Running, Cycling, Climbing Trees, and Reading a Book While I'm Up There.

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President Franklin Delano Roosevelt’s proposed plan to modify the Supreme Court (SCOTUS) was voted down by the Senate. Chief Justice Charles Evans Hughes Court had repeatedly struck down key elements of FDR’s New Deal. FDR enacted the wide reaching program as an effort to end the Great Depression.

The legislation would have added six additional associate justices to the court all FDR appointees. This change would have created an immediate shift in the court’s philosophical makeup and neuter Chief Justice Hughes control over the court. Congress struck down these provisions of the Judicial Procedures Reform Bill. However, the Court did become more favorable to New Deal legislation making it clear that FDR’s message had been heard loud and clear.

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Senator Ted Kennedy (D-Massachusetts) drove his car off a bridge after attending a party on Chappaquiddick Island. His Passenger a young Miss Mary Jo Kopechne was killed in the incident. Kennedy pled guilty to leaving the scene, but denied that he was under the influence of alcohol. Negligent driving was considered the cause of Kopechne’s death.

The incident haunted Kennedy’s political career, and weakened his hopes of a run for the office of President of the United States. Some have taken the incident as another indication of a ‘Kennedy curse’ which has claimed so many of the American Royalty. Ted Kennedy is the brother of President John F. Kennedy

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The Bolshevik secret Police, known as the Cheka, murdered Tsar Nicholas II of Russia and his family. The Bolshevik Revolution had caused the Tsar to abdicate the previous year. This movement was led by Vladimir Lenin.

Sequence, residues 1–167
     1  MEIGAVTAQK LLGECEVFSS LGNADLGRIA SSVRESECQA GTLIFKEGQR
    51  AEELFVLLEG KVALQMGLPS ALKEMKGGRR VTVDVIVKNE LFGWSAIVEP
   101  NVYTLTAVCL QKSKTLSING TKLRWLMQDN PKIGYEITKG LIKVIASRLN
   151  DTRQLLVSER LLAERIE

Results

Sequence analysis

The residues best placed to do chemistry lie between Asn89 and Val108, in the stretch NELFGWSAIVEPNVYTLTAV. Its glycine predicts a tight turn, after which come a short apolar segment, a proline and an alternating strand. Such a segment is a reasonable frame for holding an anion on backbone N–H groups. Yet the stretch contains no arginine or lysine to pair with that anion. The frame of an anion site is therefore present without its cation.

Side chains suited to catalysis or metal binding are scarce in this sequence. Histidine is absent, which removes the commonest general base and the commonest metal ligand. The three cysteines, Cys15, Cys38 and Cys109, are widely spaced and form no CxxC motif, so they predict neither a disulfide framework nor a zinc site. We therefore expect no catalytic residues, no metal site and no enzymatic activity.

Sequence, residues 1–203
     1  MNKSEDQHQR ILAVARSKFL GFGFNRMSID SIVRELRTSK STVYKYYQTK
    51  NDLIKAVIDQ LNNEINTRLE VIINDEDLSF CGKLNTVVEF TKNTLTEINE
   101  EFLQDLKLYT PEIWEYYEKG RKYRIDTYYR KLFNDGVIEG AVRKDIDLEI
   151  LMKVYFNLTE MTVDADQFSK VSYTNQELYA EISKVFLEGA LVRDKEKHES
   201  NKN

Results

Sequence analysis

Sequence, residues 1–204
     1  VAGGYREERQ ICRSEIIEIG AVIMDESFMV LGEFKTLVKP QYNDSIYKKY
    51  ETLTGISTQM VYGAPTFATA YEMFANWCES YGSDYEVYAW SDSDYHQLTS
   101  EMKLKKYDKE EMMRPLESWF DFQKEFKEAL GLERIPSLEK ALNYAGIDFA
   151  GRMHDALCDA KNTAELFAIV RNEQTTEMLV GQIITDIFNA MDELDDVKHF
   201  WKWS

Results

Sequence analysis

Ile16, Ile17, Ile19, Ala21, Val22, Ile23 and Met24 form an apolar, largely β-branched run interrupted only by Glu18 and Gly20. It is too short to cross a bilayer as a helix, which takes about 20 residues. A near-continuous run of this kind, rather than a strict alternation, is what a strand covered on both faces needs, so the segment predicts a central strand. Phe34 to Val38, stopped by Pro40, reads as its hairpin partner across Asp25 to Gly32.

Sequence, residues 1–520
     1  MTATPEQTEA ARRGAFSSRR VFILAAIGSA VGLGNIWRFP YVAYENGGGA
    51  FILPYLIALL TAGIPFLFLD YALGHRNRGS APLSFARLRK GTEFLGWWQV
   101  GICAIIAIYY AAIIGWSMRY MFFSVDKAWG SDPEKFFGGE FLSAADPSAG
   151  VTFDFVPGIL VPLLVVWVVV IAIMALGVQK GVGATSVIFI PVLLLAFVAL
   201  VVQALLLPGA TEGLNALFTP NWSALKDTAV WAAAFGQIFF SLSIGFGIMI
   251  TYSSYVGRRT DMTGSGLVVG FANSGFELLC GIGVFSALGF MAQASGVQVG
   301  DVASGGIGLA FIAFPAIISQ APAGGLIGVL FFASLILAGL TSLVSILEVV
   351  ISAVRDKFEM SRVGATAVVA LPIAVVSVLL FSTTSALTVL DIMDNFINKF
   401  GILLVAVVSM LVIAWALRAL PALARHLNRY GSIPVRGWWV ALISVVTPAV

Nicholas II was killed along with his wife Alexandra; his son Alexei; his daughters Olga, Tatiana, Maria and Anastasia; and their servants. The murders occurred in Ipatiev House in Yekaterinburg. They woken early in the morning and taken to a basement room where a firing squad shot them. The women survived the bullets because of their clothing and were stabbed with bayonets and shot at close range in the head.

The bodies of most of the family were found in 1979. However the bodies of Alexei and Anastasia were not found until 2007. The Family was canonized as Russian Orthodox Saints.

July 17, 1955 Disneyland Theme Park Opens in California
Disneyland Park opened its gates to 28,000 people, half of whom entered using counterfeit tickets. The day was marked by numerous disasters including: heavy traffic, extremely high temperatures, a shortage of food, and a gas leak. For over a decade, Walt Disney and his executives referred to this day as “Black Sunday,” declaring that the official opening day was the following day, July 18.

July 17, 1955 Disneyland Theme Park Opens in California

Disneyland Park opened its gates to 28,000 people, half of whom entered using counterfeit tickets. The day was marked by numerous disasters including: heavy traffic, extremely high temperatures, a shortage of food, and a gas leak. For over a decade, Walt Disney and his executives referred to this day as “Black Sunday,” declaring that the official opening day was the following day, July 18.

July 16, 1951: J.D. Salinger sells a book with a creepy/rapey/molesty cover
Catcher in the Rye is Published
The novel, which was about a troubled 16-year-old named Holden Caulfield, exemplified common feelings of teenage angst and a resistance to growing up. The Catcher in the Rye became one of the most important English novels of the 20th century.
Photo: The Catcher in the Rye. London: Hamish Hamilton, 1951 (Library of Congress).

July 16, 1951: J.D. Salinger sells a book with a creepy/rapey/molesty cover

Catcher in the Rye is Published

The novel, which was about a troubled 16-year-old named Holden Caulfield, exemplified common feelings of teenage angst and a resistance to growing up. The Catcher in the Rye became one of the most important English novels of the 20th century.

Photo: The Catcher in the Rye. London: Hamish Hamilton, 1951 (Library of Congress).

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The Egyptian Village of Rosetta held one of the greatest historical artifacts in cryptography and was discovered by French Captain Pierre-Francois Bouchard.

Vastly important because its eventual use to decipher lost languages the tablet records a decree by Ptolemy V. The text known as the Memphis Decree was transcribed in 3 separate languages Egyptian Hieroglyphics, Demotic, and Ancient Greek.